A great friend and superstar teacher asked a great question about Common Core on Facebook today:
My name is Susan Bailey. I am a right winged, conservative, Republican.
If you know me well, you undoubtedly know that I am about as conservative as they come. Red is my favorite color, I even see better out of my right eye, and Reagan is my all time favorite president!
And I support the implementation of the Common Core Standards!
I am scratching my head as to why my conservative friends are so against the implementation of the standards, and so I am inviting you to share your reasons with me. This is not an invitation to bash a party or the president! I am genuinely curious as to why you stand in such opposition. If you leave a comment, please only make reference to the standards! And for my own research, could you also reference the source you used to obtain your information?
This is an honest and sincere attempt to understand – again, do not use it as a platform for heated rhetoric! If you really feel the need to “vent”, please respond in a private message!
Ms. Bailey, the partisan (sometimes bipartisan) controversy surrounding Common Core surprises me as well. So, thank you for reminding me to write about this, even though I’m not really all that conservative. And for the record, I would love to hear an intelligent argument against Common Core. I’m sure some exist, but I have yet to hear one.
To directly answer your question, I would imagine many conservatives see Common Core as a violation of States’ Rights. Which is odd, since states have the right not to adopt Common Core. Five states have exercised this right.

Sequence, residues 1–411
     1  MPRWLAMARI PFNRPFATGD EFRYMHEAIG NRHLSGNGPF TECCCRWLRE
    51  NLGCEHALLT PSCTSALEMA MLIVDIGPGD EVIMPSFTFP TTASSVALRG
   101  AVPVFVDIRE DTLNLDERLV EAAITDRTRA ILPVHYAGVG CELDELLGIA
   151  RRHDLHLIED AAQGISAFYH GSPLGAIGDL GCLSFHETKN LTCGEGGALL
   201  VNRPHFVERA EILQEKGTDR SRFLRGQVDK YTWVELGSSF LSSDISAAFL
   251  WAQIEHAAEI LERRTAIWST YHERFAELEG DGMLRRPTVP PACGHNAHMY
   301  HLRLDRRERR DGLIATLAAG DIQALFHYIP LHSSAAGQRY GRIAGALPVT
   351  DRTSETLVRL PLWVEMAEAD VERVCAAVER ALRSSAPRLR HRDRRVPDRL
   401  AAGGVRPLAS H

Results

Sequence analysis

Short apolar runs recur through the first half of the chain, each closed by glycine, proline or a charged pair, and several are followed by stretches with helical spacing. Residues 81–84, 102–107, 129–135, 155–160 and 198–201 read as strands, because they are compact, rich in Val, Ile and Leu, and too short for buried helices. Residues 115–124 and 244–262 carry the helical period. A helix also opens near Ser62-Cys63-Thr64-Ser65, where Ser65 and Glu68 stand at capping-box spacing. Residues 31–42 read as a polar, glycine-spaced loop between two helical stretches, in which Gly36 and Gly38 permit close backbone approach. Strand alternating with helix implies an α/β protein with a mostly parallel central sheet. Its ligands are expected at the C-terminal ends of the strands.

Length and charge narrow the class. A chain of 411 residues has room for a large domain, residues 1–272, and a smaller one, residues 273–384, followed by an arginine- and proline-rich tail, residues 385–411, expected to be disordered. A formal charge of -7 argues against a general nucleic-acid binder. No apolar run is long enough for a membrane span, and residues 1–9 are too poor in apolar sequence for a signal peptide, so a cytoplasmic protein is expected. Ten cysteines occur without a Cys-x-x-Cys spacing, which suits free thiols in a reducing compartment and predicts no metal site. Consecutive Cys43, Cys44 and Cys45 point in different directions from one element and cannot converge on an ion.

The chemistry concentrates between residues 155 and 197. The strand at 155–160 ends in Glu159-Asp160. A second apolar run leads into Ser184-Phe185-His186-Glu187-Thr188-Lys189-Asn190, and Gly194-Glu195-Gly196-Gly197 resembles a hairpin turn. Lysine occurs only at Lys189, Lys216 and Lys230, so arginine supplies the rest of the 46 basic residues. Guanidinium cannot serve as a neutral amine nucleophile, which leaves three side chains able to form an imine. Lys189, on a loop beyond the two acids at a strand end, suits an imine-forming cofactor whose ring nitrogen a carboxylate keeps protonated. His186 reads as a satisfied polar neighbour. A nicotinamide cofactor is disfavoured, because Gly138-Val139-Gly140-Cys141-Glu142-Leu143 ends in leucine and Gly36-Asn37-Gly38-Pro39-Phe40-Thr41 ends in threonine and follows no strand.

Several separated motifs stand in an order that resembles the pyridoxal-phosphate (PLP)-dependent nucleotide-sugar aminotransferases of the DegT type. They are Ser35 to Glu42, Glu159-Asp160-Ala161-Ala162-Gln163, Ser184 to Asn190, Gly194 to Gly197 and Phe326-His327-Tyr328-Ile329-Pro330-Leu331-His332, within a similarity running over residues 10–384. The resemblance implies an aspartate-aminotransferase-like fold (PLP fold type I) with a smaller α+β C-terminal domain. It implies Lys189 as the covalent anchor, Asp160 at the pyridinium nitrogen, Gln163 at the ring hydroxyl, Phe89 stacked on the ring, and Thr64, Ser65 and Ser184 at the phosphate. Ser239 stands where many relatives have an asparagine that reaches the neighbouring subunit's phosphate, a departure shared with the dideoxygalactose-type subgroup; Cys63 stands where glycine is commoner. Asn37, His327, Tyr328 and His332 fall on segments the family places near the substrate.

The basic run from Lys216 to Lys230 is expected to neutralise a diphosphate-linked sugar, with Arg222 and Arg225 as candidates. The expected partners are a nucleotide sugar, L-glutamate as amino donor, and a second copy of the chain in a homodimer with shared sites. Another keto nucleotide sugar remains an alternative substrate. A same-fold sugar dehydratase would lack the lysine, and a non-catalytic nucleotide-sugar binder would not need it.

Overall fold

I think such arguments miss the mark, regardless. Because even if it were mandated, some things, like educational standards, are better when consolidated: Think “Critical Mass” and “Economies of Scale”. I believe it doesn’t matter whether Common Core standards are “good” or “bad”, as long as they’re not complete nonsense. You and I know, Ms. Bailey, good teachers can take bad standards and make good lessons; bad teachers can take good standards and make bad lessons.
To reiterate, the main aspect that makes Common Core a Good Thing is critical mass. Tens of millions of students using identical standards will cause an explosion of quality resources for teachers and students. Did someone write a perfect lesson in Idaho? We can now use it in Florida without tweaking.
Why does this matter? Last year I spent hours mapping Khan Academy to Sunshine State Standards for Algebra II. Obviously, Khan Academy can’t trudge through standards for 50 states and thousands of school districts. And if I had unsupportive administration, they could have taken issue with my unofficial mapping and prevented me from using Khan Academy.
But with Common Core, they can map every lesson for every school in the USA… and they have!
For me, the effort of mapping Khan Academy was a roadblock. For others, they are uncomfortable using unofficial resources. This prevented many teachers from being able to use an outstanding resource.
But now, with Common Core, it became worthwhile for Khan Academy to embrace the exact same standards as the teacher. There is no time roadblock, and no political roadblock… both roadblocks removed by Common Core.
Today, millions of teachers can now seamlessly use Khan Academy lessons and exercises that match the standard in their class that day.
If anyone can legitimately tell me why this is bad, I’d love to hear it.